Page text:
Arkansas fired Bobby Petrino Tuesday after the fallout from his mistress-on-a-motorbike mess grew into a $20,000 “gift” from Petrino to a former Razorback volleyball player and nepotism charges because he hired her to work in his football office.
Athletic director Jeff Long – who fired Petrino after a weekend to deliberate over it – appointed assistant Taver Johnson to run the team through spring camp. After that, he plans a full search.
The Arkansas job – at least in the next year – is a great one. The Razorbacks project as a top ten team and national title contender – I’d still rank them behind Alabama and LSU in the SEC West – and Petrino had cobbled together decent recruiting classes, too. Quarterback Tyler Wilson is a dark horse Heisman Trophy contender and a potential first-round NFL Draft candidate in 2013. So far into the offseason, an interim might be smart — it worked out for Ohio State, which traded a bad season to lure Urban Meyer and still kept interim HC Luke Fickell as the defensive coordinator — but Arkansas is potentially so good, Long may not want to roll the dice on a historic season with an interim head coach.
Unless Long hires from within – or a coach currently out of the business – it’ll be a guy who’s leaving his own team after spring camp. Not just anyone would do that.
But…Nebraska’s Bo Pelini is already among New York Times college football reporter Pete Thamel’s candidates for the job. Baylor’s Art Briles, TCU’s Gary Patterson, Arkansas State’s Gus Malzahn and Iowa State’s Paul Rhoads were other names mentioned in the story. On Twitter, Thamel said these names were off the top of his head.
Why would Pelini’s name appear in the New York Times, besides the nature of speculation? Several possibilities:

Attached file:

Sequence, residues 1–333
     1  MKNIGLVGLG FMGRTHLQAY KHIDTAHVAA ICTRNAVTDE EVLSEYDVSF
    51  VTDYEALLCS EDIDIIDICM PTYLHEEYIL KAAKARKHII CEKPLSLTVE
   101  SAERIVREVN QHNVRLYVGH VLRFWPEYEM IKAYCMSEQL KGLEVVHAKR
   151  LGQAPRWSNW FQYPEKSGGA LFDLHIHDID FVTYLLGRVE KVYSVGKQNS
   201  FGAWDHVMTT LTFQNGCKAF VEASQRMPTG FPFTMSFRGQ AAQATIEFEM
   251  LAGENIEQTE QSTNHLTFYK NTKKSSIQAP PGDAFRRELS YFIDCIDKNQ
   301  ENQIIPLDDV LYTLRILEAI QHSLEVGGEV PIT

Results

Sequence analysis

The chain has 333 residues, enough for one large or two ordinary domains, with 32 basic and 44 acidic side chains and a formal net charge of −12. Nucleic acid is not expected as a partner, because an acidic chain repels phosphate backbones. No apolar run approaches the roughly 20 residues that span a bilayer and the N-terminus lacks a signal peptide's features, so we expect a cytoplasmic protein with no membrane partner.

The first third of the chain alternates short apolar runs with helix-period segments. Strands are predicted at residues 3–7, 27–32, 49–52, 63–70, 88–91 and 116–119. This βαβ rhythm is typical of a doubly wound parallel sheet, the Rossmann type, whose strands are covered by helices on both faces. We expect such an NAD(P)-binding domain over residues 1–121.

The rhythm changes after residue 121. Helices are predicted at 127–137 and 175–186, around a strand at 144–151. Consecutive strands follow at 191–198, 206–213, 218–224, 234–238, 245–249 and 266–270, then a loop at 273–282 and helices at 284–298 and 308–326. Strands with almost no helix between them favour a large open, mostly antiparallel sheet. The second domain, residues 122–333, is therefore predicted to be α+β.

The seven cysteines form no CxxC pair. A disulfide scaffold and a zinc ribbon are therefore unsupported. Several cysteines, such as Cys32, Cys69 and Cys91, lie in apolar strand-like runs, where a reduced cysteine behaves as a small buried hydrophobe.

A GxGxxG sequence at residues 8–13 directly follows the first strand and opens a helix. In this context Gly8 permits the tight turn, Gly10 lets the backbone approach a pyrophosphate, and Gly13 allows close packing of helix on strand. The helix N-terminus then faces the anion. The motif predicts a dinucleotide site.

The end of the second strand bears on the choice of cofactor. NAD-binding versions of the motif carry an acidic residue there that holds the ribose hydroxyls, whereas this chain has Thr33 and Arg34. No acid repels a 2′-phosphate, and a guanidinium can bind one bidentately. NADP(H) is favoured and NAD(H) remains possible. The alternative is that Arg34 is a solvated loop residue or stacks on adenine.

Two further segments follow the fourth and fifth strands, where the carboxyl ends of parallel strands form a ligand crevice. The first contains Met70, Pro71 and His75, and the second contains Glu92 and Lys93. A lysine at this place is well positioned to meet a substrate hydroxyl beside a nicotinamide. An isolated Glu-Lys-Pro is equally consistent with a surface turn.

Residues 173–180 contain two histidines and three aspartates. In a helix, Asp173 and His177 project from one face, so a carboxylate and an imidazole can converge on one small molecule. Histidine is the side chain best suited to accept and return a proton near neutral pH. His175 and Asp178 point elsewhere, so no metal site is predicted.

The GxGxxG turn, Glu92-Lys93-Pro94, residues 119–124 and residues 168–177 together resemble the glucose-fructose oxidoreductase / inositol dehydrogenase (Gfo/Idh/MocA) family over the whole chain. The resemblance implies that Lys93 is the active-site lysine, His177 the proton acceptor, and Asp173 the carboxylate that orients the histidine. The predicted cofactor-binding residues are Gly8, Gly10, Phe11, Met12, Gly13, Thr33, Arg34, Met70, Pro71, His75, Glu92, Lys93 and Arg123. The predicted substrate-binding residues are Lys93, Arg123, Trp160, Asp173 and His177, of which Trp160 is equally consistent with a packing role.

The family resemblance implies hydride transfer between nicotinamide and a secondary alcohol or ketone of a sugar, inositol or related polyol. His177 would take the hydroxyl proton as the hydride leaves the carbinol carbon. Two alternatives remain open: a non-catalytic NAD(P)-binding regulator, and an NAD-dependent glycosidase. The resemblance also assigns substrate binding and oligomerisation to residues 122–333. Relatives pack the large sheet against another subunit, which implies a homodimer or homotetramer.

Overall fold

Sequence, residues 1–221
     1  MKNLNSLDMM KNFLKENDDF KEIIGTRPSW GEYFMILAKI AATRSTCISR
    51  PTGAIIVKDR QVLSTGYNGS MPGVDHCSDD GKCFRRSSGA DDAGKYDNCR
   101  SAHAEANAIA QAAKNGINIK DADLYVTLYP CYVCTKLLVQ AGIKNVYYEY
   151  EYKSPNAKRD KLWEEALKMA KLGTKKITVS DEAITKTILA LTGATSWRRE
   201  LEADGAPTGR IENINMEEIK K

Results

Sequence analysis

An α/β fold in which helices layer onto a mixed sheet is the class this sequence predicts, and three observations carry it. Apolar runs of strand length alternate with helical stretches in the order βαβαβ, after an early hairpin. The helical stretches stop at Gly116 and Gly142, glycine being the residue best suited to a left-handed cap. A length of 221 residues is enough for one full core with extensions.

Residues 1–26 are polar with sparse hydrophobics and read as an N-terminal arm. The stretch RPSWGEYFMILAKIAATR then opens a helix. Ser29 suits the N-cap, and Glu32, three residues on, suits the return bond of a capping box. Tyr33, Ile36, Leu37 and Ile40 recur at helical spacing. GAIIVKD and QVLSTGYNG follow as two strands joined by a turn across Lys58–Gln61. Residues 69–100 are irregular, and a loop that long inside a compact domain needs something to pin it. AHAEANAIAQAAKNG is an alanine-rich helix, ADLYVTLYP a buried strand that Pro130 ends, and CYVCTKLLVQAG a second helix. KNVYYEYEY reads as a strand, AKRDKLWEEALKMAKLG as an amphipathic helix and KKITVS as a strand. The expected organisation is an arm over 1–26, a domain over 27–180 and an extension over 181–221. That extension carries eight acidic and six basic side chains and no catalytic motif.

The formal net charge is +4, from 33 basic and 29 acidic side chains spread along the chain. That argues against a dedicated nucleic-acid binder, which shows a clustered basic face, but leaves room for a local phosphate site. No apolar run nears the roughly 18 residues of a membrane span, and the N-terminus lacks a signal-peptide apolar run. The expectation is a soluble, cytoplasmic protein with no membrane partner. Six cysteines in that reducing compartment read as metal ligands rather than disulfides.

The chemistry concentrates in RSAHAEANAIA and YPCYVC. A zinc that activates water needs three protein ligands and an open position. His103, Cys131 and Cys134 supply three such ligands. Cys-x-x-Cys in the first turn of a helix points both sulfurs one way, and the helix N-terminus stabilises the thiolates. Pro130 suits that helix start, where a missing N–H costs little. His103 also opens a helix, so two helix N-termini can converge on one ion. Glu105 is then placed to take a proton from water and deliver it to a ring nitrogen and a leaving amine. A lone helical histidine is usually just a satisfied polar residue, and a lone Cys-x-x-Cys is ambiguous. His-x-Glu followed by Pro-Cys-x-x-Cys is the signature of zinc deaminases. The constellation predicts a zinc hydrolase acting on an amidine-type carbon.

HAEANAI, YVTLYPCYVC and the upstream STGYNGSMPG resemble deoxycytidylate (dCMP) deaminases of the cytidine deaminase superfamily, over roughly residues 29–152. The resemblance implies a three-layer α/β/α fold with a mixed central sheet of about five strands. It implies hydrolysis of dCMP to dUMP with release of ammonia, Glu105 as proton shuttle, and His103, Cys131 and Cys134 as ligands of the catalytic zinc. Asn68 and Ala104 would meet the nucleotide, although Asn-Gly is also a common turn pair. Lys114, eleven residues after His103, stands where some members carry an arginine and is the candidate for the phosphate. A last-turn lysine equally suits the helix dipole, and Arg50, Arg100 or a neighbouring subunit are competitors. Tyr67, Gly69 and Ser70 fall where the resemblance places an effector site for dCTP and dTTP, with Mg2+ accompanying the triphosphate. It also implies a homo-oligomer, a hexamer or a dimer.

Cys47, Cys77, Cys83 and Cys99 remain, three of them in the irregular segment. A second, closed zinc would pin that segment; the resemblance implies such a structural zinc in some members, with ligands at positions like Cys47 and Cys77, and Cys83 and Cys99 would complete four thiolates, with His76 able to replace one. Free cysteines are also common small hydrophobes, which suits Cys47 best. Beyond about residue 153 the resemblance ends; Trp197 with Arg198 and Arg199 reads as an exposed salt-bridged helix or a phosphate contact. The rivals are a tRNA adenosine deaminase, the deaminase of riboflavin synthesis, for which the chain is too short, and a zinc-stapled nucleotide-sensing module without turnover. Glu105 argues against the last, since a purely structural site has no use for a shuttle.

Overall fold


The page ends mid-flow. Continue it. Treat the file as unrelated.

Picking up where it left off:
1. A number of out-of-work big name coaches took jobs last year. Urban Meyer. Rich Rodriguez. Mike Leach. Similarly, younger coaches at non-BCS programs made the jump last year, notably Houston’s Kevin Sumlin (to Texas A&M) and Southern Mississippi’s Larry Fedora (to North Carolina). Last year was a bonanza. How many jobs were open in the Pac-12? 72? (OK, just four. But Oregon’s Chip Kelly almost left, didn’t he?).
2. One obvious candidate for the job, former Hogs OC Gus Malzahn, just took the head coaching job at Arkansas State. Weird timing. He’s clearly a candidate now.
3. Pelini’s attachment to the Miami (Fla.) search in late 2010.
4. Pelini’s small buyout of $250,000 is not a financial deterrent to schools looking to hire. It is $100,000 less than Nebraska paid to buy out basketball coach Tim Miles’ contract at Colorado State.
5. Whether you’re his most ardent fan or fiercest detractor – Pelini is regarded as an expert on defense. There aren’t many of them in college football. And if you can’t play defense in the SEC, you won’t win it. (Which, interestingly enough, is why Arkansas hasn’t won a league title since it joined the conference in 1992, giving up 30, 34 and 38 points in its three SEC title game appearances.)
What’s all that add up to? Not much at all. What I know this spring about Pelini is: He likes the experienced makeup of this particular Husker squad. He likes his young staff. He likes coaching this team in the spring. And, in a conversation this winter with columnist Tom Shatel, Pelini revealed a stronger motivation to put Nebraska over the top, because he hasn’t won a conference title despite two great cracks at it, including having the Big 12′s best overall team in 2010.
Back to Arkansas: Its window is smaller than it appears. If there is a year for the Razorbacks, this is it. Alabama and LSU visit Fayetteville. All of the non-conference games are at home. Long – and whoever he hires – have a title-built and title-or-bust team.
While any coach is game for winning right away, it takes a certain kind of coach to change little-to-nothing about a team’s offense or defense — to leave it just how Petrino set it up — for a whole year and try to win a league crown in America’s toughest division with players you don’t know and a fan base long past thirsty for real success. It’s a great job — but it’s the frying pan already in the fire. And no history of championships in the SEC.